The airwaves are brimming with stories about the financial loss incurred by investors and financial firms due to the mortgage market meltdown. What is often ignored is that foreclosures also have a debilitating effect on communities. Home values fall reducing the tax receipts of local governments; empty homes become an eye-sore for the entire neighborhood and invite vagrants. Investors and owners of foreclosed homes will have to endure the pain of their imprudent financial decisions. However, the impact of foreclosures on communities can be reduced by creative planning.
In the past, mortgages were held by local banks who could work with homeowners in trouble to delay foreclosure till the hard times passed. However, in the days of securitization, the owner of the mortgage is a business entity, a trust created to buy mortgages and issue securities. There are mortgage servicing organizations who handle the book-keeping aspects, but they do not have any skin in the game. They do not have enough financial incentive to help homeowners stay in their homes.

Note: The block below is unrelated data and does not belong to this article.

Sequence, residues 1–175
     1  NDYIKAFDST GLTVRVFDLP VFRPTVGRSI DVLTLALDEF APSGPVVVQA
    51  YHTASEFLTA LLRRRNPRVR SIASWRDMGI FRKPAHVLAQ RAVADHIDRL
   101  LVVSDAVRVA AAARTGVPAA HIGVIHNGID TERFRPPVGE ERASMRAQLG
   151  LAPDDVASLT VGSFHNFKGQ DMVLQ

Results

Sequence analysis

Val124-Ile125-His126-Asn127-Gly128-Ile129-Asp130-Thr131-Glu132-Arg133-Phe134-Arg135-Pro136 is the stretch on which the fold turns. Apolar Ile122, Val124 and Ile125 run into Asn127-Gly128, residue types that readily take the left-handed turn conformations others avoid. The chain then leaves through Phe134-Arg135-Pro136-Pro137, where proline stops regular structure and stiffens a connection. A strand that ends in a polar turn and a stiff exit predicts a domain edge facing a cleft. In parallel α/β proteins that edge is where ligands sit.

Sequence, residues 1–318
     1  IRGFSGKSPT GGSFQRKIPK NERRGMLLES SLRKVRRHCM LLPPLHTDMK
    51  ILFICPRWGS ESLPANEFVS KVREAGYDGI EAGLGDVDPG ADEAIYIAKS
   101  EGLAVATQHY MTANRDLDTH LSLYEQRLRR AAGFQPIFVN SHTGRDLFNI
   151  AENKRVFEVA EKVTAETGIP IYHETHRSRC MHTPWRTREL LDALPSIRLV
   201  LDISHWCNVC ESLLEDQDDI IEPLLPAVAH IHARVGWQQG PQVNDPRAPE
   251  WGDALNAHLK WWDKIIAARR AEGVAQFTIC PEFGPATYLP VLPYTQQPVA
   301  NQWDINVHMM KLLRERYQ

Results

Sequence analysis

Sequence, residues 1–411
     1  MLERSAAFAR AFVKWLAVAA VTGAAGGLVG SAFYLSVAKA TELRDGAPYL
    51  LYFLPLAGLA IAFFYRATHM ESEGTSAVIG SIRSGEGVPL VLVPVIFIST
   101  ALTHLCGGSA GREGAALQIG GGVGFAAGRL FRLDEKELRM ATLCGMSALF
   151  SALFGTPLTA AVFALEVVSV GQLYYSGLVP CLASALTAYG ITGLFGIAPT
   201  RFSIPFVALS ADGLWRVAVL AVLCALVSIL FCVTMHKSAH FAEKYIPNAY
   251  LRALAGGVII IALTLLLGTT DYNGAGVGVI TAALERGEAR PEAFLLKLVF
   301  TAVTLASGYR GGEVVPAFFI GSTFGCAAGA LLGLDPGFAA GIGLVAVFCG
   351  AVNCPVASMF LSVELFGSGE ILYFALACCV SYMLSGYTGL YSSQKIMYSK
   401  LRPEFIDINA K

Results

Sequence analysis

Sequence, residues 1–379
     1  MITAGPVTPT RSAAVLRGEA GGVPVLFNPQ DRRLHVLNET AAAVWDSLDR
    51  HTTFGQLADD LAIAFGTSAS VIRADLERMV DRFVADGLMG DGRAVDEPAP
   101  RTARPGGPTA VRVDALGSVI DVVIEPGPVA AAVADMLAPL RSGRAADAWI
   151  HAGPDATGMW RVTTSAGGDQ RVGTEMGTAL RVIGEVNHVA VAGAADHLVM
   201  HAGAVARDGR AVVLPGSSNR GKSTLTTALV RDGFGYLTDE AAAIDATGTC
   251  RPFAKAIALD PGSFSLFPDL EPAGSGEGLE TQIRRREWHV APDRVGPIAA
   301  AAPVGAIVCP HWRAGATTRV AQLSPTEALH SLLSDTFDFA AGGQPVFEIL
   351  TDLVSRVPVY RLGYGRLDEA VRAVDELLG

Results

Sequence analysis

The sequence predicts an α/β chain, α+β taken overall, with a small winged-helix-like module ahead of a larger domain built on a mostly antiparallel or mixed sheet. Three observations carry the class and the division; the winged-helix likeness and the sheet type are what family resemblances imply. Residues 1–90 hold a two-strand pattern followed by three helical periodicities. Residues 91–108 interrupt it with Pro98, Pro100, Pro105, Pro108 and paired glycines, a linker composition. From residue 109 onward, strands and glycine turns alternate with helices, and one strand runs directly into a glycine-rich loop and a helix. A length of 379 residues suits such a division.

Root Cause Analysis
Many home owners who are in trouble took sub-prime Adjustable Rate Mortgages [ARM] with teaser rates which reset after two or three years. After the reset point, the rates would go up to 500 to 600 basis points above the LIBOR rate (typically the 12 month LIBOR). Even the initial teaser rates were in the 7-9% range, much higher than what most prime home-owners pay.
The thesis behind funding sub-prime borrowers was that when the ARM reset, the owner would have built a credit history, and a rise in home prices would allow them to qualify for lower rates. However home-owners who bought at the peak of the housing bubble are now upside down and owe more than what their homes are worth. As a result, they cannot refinance and are stuck with the very high rates which they cannot afford.
Current Remedial Actions
Current efforts to address the problem are focused on keeping the monthly payments affordable. They include suggestions to freeze the rates on the mortgages for a few years. These proposals make sense for homeowners who have some equity in their homes and can afford to make the payments at the current interest rates.